tab1
Table 1: Positive C. diff tests for inpatient pediatric patients.

Next, we evaluated all CF patients who were hospitalized during this time period using the Cystic Fibrosis Foundation Patient Registry to determine which patients were on a PPI. We found 215 total patients which were different than the total number of patients found using the electronic medical record (241 patients). Of these 215 patients, 140 were on no PPI and 57 of these patients (40.7%) had CDAD. There were 75 patients who were on a PPI, and 30 patients (40%) had CDAD. A relative risk analysis was not significant suggesting that the risk of developing CDAD in CF patients was equal regardless of PPI exposure (Table 2).

tab2
Table 2: CDAD in CF patients with/without PPI use.

4. Discussion

This retrospective study evaluated both the prevalence of C. diff infection in CF pediatric patients during inpatient admission compared to patients without CF and the risk of CDAD in CF patients receiving a PPI. We found that significantly more patients had positive C. diff testing during hospital admission with CF compared to non-CF patients. Unlike CF pediatric patients, the typical hospitalized patients with CDAD in the United States hospitals are elderly, female, and have associated sepsis [14]. Antibiotic use is also associated with CDAD in hospitalized patients [15].

It is known that the asymptomatic carriage rate of C. diff in CF can be as high as 50%, and associated factors leading to CDAD in hospitalized CF patients potentially could include risk factors such as recurrent hospitalization, prolonged intravenous antibiotic use, and lack of colonization with Lactobacillus species and other bacteria that may have inhibitory effects on the growth of C. diff [1618]. Other diseases associated with C. diff, such as Crohn’s disease, occur more frequently in CF patients [19]. Additionally, CF genotypes, such as N1303K, are associated with more severe clinical presentations of CDAD [20].

PPI use has been associated with an increased risk of CDAD, especially in the elderly [21]. The effect is presumable due to gastric acid inhibition by PPIs, and the risk of infection is increased with escalating PPI dosing [22]. Interestingly, we saw no increased incidence of CDAD in CF pediatric patients, regardless of PPI usage status. The cause of this finding is unknown. A prior study looking at the risk of developing CDAD in a community setting did not find PPI usage associated with an increased risk of CDAD; however, other proposed risk factors for disease transmission in this population included person-to-person transmission and remote health care exposures [23]. Bacterial overgrowth is not always associated with intestinal inflammation in some CF patients, suggesting that there may be other microbiome, genetic, or inflammatory pathways that may explain our finding [24]. It is the clinical practice at our institution to place all CF patients on Lactobacillus GG at time of admission and throughout the intravenous antibiotic course. This treatment is not typically continued upon completion of an antibiotic treatment unless the patient has been diagnosed with CDAD during hospitalization. However, it is not known if such therapy is effective in preventing CDAD in this patient population [25].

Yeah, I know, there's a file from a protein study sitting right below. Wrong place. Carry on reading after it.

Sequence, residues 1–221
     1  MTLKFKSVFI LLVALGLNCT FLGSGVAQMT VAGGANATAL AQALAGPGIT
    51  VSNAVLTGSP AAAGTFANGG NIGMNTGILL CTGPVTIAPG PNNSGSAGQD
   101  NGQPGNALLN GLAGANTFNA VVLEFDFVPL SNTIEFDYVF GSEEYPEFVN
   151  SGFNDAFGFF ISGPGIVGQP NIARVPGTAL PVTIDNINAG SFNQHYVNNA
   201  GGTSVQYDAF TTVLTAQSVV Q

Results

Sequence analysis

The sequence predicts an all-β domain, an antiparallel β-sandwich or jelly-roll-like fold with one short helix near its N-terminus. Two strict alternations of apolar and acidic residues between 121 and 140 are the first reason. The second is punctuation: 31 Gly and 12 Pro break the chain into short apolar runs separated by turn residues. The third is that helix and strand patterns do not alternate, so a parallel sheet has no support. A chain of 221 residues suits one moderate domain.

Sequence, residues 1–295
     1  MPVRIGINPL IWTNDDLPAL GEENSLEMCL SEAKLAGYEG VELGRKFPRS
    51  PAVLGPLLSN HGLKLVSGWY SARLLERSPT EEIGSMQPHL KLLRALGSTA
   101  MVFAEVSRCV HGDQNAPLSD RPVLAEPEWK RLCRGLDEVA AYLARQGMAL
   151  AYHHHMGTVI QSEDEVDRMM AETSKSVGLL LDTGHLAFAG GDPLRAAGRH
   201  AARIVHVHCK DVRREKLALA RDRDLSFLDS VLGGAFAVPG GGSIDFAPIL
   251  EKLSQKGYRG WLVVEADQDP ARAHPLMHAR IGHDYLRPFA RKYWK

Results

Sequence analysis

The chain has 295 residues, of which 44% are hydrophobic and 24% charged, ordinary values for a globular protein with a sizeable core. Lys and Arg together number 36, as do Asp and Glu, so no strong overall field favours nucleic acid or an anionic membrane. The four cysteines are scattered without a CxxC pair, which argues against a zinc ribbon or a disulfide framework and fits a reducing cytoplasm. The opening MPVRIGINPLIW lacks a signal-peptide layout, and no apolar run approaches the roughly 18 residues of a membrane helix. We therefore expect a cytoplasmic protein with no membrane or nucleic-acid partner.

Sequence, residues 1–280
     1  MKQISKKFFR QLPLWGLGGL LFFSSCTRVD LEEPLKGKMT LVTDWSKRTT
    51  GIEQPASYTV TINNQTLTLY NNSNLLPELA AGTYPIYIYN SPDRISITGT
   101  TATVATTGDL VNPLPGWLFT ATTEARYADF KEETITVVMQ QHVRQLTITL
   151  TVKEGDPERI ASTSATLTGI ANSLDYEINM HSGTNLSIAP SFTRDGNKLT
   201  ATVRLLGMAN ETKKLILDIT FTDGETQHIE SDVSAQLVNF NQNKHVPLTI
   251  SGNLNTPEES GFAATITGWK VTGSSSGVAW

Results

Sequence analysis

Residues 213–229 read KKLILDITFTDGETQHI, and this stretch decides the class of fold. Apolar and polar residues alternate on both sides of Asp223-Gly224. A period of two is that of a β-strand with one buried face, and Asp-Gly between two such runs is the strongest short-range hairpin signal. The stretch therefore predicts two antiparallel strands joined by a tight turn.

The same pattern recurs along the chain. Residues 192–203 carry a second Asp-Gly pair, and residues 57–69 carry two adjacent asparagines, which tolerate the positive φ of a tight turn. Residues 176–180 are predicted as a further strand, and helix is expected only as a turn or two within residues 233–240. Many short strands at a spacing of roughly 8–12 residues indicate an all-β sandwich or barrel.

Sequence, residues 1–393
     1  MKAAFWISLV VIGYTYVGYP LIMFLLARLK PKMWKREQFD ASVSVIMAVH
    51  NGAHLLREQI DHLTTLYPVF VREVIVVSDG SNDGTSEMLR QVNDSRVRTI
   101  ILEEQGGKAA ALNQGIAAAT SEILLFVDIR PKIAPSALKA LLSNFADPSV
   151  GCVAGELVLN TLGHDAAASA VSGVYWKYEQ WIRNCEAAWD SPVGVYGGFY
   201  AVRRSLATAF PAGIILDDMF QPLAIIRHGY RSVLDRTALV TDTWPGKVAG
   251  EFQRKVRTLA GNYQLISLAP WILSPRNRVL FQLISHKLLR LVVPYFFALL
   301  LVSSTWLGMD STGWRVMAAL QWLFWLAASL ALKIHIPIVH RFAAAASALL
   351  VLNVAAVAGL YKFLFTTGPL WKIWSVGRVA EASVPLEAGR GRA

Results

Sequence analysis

There are weaknesses in this study. This study is retrospective and consists of data from a single tertiary medical center. In our review of the electronic medical record of all pediatric inpatient admissions, we could not determine if testing for C. diff occurred because of CDAD, although asymptomatic hospitalized patients presumably would not be tested for this pathogen. However, we were able to determine CDAD in hospitalized CF patients using the Cystic Fibrosis Foundation Patient Registry. Finally, we did not evaluate for other potential causes that would explain the lack of difference in CDAD regardless of PPI use in the CF population, although we did evaluate a large number of pediatric CF inpatient admissions over a 5-year period of time.

5. Conclusion

We found significantly more C. diff infections in hospitalized pediatric patients with CF compared to patients hospitalized for other medical reasons. PPI use by CF patients appears not to be associated with an increased risk of developing CDAD. We encourage judicious use of antibiotics as well as simple techniques in preventing disease transmission, such as good handwashing to prevent CDAD in CF pediatric patients. We recommend a prospective, multicenter study to corroborate these findings and to determine what specific risk factors in the CF pediatric population predispose to C. diff infection such as CF genotype, length of PPI usage, patient age, and presence of other comorbidities such as inflammatory bowel disease.

Acknowledgments

Dr. J. F. Pohl has received funding for investigator-initiated funding from Eurand Pharmaceuticals (Yardley, Pa) and Takeda Pharmaceuticals (Deerfield, Ill).